|This article does not cite any references or sources. (November 2012)|
|Artery: Basilar artery|
|The basilar artery (middle of figure) arises from the vertebral arteries and terminates when it bifurcates in the left and right posterior cerebral arteries.|
|The arteries of the base of the brain. Basilar artery labeled below center. The temporal pole of the cerebrum and the cerebellar hemisphere have been removed on the right side. Inferior aspect (viewed from below).|
|Gray's||subject #148 580|
|Supplies||Superior and inferior aspects of the cerebellum
|Branches||Anterior inferior cerebellar, posterior cerebral, superior cerebellar arteries and pontine branches|
The two vertebral arteries and the basilar artery are sometimes together called the vertebrobasilar system, which supplies blood to the posterior part of circle of Willis and anastomoses with blood supplied to the anterior part of the circle of Willis from the internal carotid arteries.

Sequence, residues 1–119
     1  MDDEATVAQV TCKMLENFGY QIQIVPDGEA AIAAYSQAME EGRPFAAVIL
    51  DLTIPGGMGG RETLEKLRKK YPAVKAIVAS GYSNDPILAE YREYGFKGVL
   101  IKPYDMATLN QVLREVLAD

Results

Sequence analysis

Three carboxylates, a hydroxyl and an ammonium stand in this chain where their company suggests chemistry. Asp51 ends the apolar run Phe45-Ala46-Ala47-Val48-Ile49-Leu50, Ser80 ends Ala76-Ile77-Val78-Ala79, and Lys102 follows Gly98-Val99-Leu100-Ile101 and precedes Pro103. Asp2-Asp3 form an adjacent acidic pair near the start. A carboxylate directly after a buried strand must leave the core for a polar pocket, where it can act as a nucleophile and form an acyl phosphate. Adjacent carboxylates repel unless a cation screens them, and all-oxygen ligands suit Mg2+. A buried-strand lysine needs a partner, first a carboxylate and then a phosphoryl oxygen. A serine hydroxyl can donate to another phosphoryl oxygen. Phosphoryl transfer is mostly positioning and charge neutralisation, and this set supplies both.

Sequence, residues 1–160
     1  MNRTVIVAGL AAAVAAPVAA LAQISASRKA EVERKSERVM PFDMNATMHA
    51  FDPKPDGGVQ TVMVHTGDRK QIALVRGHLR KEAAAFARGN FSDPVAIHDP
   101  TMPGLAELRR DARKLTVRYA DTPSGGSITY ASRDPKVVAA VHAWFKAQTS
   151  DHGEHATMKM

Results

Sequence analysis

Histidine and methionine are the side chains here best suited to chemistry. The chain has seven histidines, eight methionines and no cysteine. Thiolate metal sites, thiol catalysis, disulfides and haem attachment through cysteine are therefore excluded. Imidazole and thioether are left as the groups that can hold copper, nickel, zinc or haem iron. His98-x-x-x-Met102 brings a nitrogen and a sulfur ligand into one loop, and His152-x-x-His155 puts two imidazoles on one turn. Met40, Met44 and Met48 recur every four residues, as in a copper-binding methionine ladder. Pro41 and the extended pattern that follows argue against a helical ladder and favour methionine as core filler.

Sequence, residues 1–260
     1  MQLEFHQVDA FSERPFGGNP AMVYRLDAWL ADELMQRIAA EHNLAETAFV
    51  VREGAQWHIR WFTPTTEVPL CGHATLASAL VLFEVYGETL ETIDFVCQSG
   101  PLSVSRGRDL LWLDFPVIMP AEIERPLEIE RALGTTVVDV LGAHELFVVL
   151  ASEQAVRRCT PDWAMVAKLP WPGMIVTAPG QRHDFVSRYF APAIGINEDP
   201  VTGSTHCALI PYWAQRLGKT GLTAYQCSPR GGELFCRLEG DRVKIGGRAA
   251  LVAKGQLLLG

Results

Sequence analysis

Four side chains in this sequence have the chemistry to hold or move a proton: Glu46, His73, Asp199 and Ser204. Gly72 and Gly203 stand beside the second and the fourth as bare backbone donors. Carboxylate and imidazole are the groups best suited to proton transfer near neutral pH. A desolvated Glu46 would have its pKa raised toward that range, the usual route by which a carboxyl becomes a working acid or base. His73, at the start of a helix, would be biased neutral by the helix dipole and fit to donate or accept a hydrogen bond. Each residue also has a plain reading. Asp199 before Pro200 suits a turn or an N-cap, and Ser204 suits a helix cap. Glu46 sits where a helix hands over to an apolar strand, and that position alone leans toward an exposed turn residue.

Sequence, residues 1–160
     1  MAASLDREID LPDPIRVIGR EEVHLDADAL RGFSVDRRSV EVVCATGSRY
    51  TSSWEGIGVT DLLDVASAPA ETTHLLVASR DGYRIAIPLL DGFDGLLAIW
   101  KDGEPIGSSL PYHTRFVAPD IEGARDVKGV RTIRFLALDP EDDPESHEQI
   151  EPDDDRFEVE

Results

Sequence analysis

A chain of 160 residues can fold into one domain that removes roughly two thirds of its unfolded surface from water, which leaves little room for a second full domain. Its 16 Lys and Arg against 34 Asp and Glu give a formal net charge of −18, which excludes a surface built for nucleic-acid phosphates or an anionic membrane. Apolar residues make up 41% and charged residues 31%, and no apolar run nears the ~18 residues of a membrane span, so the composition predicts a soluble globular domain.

From the basilar artery arises the anterior inferior cerebellar artery (supplying the superior and inferior aspects of the cerebellum), as well as smaller branches for the supply of the pons (the pontine branches).
In under 15% of people the basilar artery gives rise to the labyrinthine artery.
|Wikimedia Commons has media related to Basilar artery.|
- Diagram at merck.com
- SUNY Labs 28:09-0204 - "Cranial Fossae: Arteries, Inferior Surface of the Brain"
- Blood supply at neuropat.dote.hu
- Roche Lexicon - illustrated navigator, at Elsevier 13048.000-1
- Roche Lexicon - illustrated navigator, at Elsevier 13048.000-3
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